Two Appalachian State University Department of History professors, Dr. Judkin Browning and Dr. Timothy Silver, recently published a book reevaluating the Civil War from a fresh perspective focused on the environment. Browning and Silver weave a story, combining military and environmental history to forge a comprehensive new narrative of the war's significance and impact.
Their account of the Civil War differs from its 55,000 odd predecessors in the sense that it goes beyond a discussion of the topography and weather patterns common to areas of battle. Unique to itself, “An Environmental History of the Civil War” examines the large-scale modifications of the landscape across several states during the war, new philosophy surrounding the human relationship to the natural world and how the war influenced things as nominal as weather forecasting. One of the most critical points of examination in their book is the way that disease was easily cultivated and spread between humans and animals. Browning notes that one of McClellan’s greatest obstacles was the “recurrence of malaria.”
James M. McPherson, the Pulitzer Prize-winning author of “Battle Cry of Freedom” calls the book a “splendid account of the impact of the environment on the ways in which the war was fought.”
Browning and Silver show how the war influenced the future of weather forecasting, veterinary medicine, the birth of the conservation movement and the establishment of the first national parks.
The College of Arts and Sciences hosted the authors for a discussion of their book this summer that has been turned into a podcast, available to all at https://soundcloud.com/appstate/an-environmental-history-of-the-civil-war.
Browning graduated from Florida State University in 1996, received his M.A. in Public History from North Carolina State University in 1999 and later completed his P.h.D. at the University of Georgia in 2006. He has written three books including “An Environmental History of the Civil War” and is currently working on projects that explore the long-term effects of battles on soldiers and their communities as well as North Carolina deserters during the Civil War.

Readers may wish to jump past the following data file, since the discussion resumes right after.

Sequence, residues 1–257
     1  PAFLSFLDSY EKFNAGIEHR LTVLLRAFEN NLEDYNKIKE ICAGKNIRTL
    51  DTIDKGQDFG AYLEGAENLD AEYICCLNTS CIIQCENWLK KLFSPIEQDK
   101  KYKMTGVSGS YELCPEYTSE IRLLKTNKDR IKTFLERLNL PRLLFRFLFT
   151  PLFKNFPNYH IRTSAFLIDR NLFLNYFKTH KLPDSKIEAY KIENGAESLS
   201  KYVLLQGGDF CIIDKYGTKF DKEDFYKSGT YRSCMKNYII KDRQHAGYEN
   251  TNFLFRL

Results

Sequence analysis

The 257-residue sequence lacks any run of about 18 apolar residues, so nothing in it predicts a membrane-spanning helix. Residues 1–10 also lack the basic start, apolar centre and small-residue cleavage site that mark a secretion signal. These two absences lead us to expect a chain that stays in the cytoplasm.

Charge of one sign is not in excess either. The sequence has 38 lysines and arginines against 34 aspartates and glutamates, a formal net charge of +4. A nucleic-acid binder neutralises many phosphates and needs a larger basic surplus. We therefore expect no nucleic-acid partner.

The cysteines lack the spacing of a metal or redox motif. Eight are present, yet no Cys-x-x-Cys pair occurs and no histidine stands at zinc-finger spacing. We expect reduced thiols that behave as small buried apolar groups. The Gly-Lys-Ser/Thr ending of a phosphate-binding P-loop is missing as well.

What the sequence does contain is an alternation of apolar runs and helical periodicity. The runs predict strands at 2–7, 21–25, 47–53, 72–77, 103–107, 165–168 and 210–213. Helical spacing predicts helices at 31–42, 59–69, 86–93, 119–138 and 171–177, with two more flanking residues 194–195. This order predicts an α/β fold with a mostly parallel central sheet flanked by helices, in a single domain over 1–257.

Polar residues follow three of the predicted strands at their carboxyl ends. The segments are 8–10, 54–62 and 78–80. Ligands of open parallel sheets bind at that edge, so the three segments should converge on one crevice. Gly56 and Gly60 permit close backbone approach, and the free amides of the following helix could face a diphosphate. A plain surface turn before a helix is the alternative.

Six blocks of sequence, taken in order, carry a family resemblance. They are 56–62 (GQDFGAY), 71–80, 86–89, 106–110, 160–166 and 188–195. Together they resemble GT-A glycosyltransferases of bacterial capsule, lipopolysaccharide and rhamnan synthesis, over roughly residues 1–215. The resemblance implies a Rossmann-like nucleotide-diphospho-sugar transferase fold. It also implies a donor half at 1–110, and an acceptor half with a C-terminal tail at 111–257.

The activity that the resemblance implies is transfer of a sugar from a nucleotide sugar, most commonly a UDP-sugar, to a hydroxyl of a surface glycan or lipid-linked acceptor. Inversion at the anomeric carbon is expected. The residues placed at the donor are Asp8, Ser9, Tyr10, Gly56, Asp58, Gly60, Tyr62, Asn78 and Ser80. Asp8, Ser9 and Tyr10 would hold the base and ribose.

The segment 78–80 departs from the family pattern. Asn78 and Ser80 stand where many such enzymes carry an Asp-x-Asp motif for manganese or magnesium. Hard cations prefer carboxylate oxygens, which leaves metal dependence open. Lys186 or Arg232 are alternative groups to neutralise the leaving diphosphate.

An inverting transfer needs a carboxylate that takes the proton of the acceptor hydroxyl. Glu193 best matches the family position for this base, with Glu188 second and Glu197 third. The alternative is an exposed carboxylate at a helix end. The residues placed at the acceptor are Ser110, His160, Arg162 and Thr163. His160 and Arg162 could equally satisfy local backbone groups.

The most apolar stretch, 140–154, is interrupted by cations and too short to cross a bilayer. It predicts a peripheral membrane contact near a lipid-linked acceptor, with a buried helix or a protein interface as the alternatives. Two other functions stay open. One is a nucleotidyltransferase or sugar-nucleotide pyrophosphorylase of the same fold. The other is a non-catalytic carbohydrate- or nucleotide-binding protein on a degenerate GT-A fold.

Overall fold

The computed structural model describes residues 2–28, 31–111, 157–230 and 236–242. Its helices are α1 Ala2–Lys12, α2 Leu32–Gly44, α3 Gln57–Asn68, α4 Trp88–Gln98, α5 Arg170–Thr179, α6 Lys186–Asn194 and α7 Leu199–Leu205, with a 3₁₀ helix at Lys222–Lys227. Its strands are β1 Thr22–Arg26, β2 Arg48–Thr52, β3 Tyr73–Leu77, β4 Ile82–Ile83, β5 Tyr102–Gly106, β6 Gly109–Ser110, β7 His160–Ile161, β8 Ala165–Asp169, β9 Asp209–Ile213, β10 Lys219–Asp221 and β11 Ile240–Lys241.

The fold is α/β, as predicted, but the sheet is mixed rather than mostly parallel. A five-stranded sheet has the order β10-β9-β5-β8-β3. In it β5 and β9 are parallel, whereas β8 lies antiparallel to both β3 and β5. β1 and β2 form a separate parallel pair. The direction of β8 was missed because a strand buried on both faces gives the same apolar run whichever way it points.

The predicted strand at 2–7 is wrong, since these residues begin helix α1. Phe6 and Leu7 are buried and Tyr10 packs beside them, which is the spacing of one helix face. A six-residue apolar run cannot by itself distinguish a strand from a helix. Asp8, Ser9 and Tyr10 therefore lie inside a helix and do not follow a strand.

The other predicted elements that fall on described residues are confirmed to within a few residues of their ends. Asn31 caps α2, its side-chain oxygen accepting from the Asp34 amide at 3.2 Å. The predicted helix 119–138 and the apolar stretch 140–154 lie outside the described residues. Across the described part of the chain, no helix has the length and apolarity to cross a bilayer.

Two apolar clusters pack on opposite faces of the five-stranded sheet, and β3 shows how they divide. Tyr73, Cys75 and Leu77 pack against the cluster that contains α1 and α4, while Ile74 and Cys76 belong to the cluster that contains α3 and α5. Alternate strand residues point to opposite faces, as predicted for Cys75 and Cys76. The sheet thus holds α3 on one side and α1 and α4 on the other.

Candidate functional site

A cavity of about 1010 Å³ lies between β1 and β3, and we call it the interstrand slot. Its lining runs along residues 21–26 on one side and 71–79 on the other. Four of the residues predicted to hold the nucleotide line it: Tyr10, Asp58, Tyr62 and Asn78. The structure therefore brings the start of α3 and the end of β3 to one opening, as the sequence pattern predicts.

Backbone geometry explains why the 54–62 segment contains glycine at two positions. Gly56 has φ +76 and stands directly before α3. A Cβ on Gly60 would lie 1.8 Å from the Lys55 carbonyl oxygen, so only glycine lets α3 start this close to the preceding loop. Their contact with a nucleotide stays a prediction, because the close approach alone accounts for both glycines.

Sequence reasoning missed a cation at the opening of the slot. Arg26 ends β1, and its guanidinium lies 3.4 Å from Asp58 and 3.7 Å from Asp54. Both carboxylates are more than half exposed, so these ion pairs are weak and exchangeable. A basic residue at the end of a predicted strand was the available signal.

Silver graduated with his P.h.D. from the College of William and Mary. He previously wrote “Mount Mitchell and the Black Mountains: An Environmental History of the Highest Peaks in Eastern America” which won several awards including the 2003 Ragan Old North State Award, given by the North Carolina Literary and Historical Association for Best Nonfiction book by a North Carolina Writer and the 2004 Phillip D. Reed Memorial Award for Outstanding Writing on the Southern Environment, given by the Southern Environmental Law Center in the book category.
His other publications include “A New Face on the Countryside: Indians, Colonists and Slaves in South Atlantic Forests, 1500-1800,” “A Useful Arcadia,” “Big Tom Wilson” and “New Faces in an Old World.” He currently teaches several courses focused on the environmental histories of areas including the South and Southern Appalachia, as well as national and state parks.
About the Department of History
The Department of History offers a broad curriculum in local, national, regional and world history at both the undergraduate and graduate levels, which encourages history majors to develop a comprehensive approach to human problems. The study of history is an essential part of a liberal arts education and offers valuable preparation for many careers, such as law, journalism, public history, public service and business, as well as in teaching and the advanced discipline of history. Learn more at https://history.appstate.edu.
By Ellen Gwin Burnette and Molly Thomas
Sept. 29, 2020